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Upper Silesia Plebiscite

A Brief History

Upper Silesia (RED)
within the State of Prussia (BLUE)
From: Wikipedia -- By: 52 Pickup

The Upper Silesia plebiscite was a referendum for the self-determination of the population of Upper Silesia that was required by the Treaty of Versailles. Both Germany and Poland valued this region, not only for reasons of national identity, but also for its vast mineral resources as well.

Upper Silesia is the southeastern part of the region of Silesia. In the 9th century, Upper Silesia had been part of Greater Moravia.  It then came successively under control of the Duchy of Bohemia and the Piast Kingdom of Poland (c. 990-1336), the Holy Roman Empire (c. 1336-1526),  the Habsburg Monarchy (c. 1526-1742), the Kingdom of Prussia (1742-1871), and then of the German Empire (1871-1918).

Following World War I, the Treaty of Versailles detached many thousands of square miles of territory which had formerly been part of the German Empire. This was done in order to revive the state of Poland which had disappeared as a result of the Third Partition of Poland in 1795.

Many of these areas were ethnically mixed, including a considerable number of ethnic Germans. In these detached German territories, the Allied leaders provided for border plebiscites or referendums. These areas were occupied by Allied forces, governed in some degree by Allied international commissions, and made safe for an eventual vote of self-determination by the population. One of the most important of these plebiscites in the Eastern part of the German Empire was the one in Upper Silesia, since the region was one of Germany's principal industrial centers. The most important economic asset was the enormous coal-mining industry, but the area also yielded significant iron, zinc, and lead resources as well.

Voters in Oppeln in 1921
From: Bundesarchiv 1921 Photograph

The period of the plebiscite political campaign and the Allied occupation was marked by violence. There were two Polish uprisings, and German volunteer paramilitary units came to the region as well. But the area was policed by French, British, and Italian troops, and overseen by an International Commission.  As a result, the Upper Silesia plebiscite was conducted peacefully.  In the Upper Silesia plebiscite of March 1921, a majority of 60% of the electorate voted against merging with Poland.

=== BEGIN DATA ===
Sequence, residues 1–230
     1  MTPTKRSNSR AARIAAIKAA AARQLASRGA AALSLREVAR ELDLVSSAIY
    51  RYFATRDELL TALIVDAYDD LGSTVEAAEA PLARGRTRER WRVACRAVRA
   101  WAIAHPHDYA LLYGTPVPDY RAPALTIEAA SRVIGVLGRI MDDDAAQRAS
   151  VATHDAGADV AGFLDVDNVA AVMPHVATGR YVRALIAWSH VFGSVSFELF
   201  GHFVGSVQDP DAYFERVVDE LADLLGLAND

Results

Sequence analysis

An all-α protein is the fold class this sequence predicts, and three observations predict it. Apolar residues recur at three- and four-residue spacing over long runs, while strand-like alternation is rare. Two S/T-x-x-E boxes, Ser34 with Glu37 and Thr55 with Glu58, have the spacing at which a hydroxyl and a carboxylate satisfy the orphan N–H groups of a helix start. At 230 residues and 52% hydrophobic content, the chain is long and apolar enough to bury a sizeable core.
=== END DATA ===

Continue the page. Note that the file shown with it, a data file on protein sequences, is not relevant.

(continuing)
The Allies decided to partition the region, but before they could divide it, local partisans and military forces from Poland launched an uprising and took control of over half the area. The Germans responded with volunteer paramilitary units from all over Germany, which fought the Polish backed forces. In the end, after renewed Allied military intervention, the final position of the opposing forces became, roughly, the new border.

The decision was handed over to the League of Nations, which confirmed the new border, and Poland received roughly one third of the plebiscite territory, including the greater part of the Eastern industrial region.

The exact border, the maintenance of cross-border railway traffic and other necessary provisions, as well as equal rights for all inhabitants in both parts of Upper Silesia, were all fixed by the German-Polish Accord on East Silesia, signed in Geneva on May 15, 1922. On June 20, Germany ceded the eastern parts of Upper Silesia, with them becoming part of the Silesian Voivodeship of the Second Polish Republic.

Following World War II, all of the former German province of Upper Silesia was awarded to the Republic of Poland.

View of Oppeln (Opole) on the Oder River
From: Wikipedia -- By: Davidos

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